Destination of the World News - - DESTINATIONS SEYCHELLES -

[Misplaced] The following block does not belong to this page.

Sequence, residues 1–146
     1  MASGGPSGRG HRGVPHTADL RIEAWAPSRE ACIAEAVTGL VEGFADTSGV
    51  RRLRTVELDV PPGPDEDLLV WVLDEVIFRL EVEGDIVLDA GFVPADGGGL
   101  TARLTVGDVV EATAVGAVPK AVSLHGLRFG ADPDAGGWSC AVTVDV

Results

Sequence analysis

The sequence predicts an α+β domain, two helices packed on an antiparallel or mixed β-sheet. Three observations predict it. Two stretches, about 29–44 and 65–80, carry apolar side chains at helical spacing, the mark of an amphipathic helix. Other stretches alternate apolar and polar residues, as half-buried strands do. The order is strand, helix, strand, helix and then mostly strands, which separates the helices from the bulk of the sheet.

The afore­men­tioned Café Dauban harks back to the Dauban fam­ily of France who once owned the is­land from the mid-19th cen­tury. “Roth­schilds of the In­dian Ocean” had de­vel­oped plan­ta­tions on the vol­canic is­land, as well as sev­eral prop­er­ties that have been painstak­ingly pre­served un­til to­day. The re­sort itself, how­ever, strays from the colo­nial style of the listed Grann Kaz re­cep­tion build­ing, for a more chic, ocean-fac­ing ex­pe­ri­ence. My stay was in a King Ocean­front Villa, which as the name sug­gests, is quite a re­gal dwelling right up on the shore. Thanks to some nat­u­ral fo­liage, there’s plenty of pri­vacy in the sandy “front yard”, with a deck for loung­ing im­me­di­ately out of the slid­ing French win­dows. In­side, the stu­dio villa is cen­tred around the invit­ing 300 thread-count king-sized bed, with a sur­pris­ingly spa­cious, white-fix­tured bath­room – and an out­door rain shower to bathe at one with the el­e­ments. And if you’re a real wa­ter baby, don’t over­look the beach­front vil­las with the plunge pool op­tion. Fol­low­ing my close en­coun­ters of the un­der­wa­ter kind, I was happy to un­wind be­tween the villa and my per­sonal slice of beach­front be­fore sam­pling some din­ing op­tions. With seven on-site restau­rants, it would be a challenge to sam­ple ev­ery menu high­light within a short stay, but Fri­day nights present a hand so­lu­tion in the form of a “Street Food Night”. Fol­low­ing a torch light­ing cer­e­mony that seems to in­volve the en­tire re­sort’s staff, the pool area and ad­ja­cent restau­rants (La Pizze­ria and Lo Brizan) are trans­formed into a food fes­ti­val with handy bites and dishes from var­i­ous cor­ners of the globe. The va­ri­ety of cui­sine re­flects the di­ver­sity of Cre­ole cook­ing, with panAsian, Euro­pean and African in­flu­ences; sushi, pizza, bar­be­cued meats, a noo­dle bar, and even a Mex­i­can taco sta­tion for flavours from fur­ther afield. The fol­low­ing morn­ing, still semi-stuffed from the night be­fore, I made sure to scope out a more for­mal venue in the shape of Por­to­bello, Labriz’s Ital­ian fine din­ing restau­rant, which has a com­pre­hen­sive à la carte break­fast menu. My one short­com­ing, how­ever, was not book­ing a seat at the Sakura, a taste of Asia, open for din­ner only – aside from pri­vate cook­ing classes.

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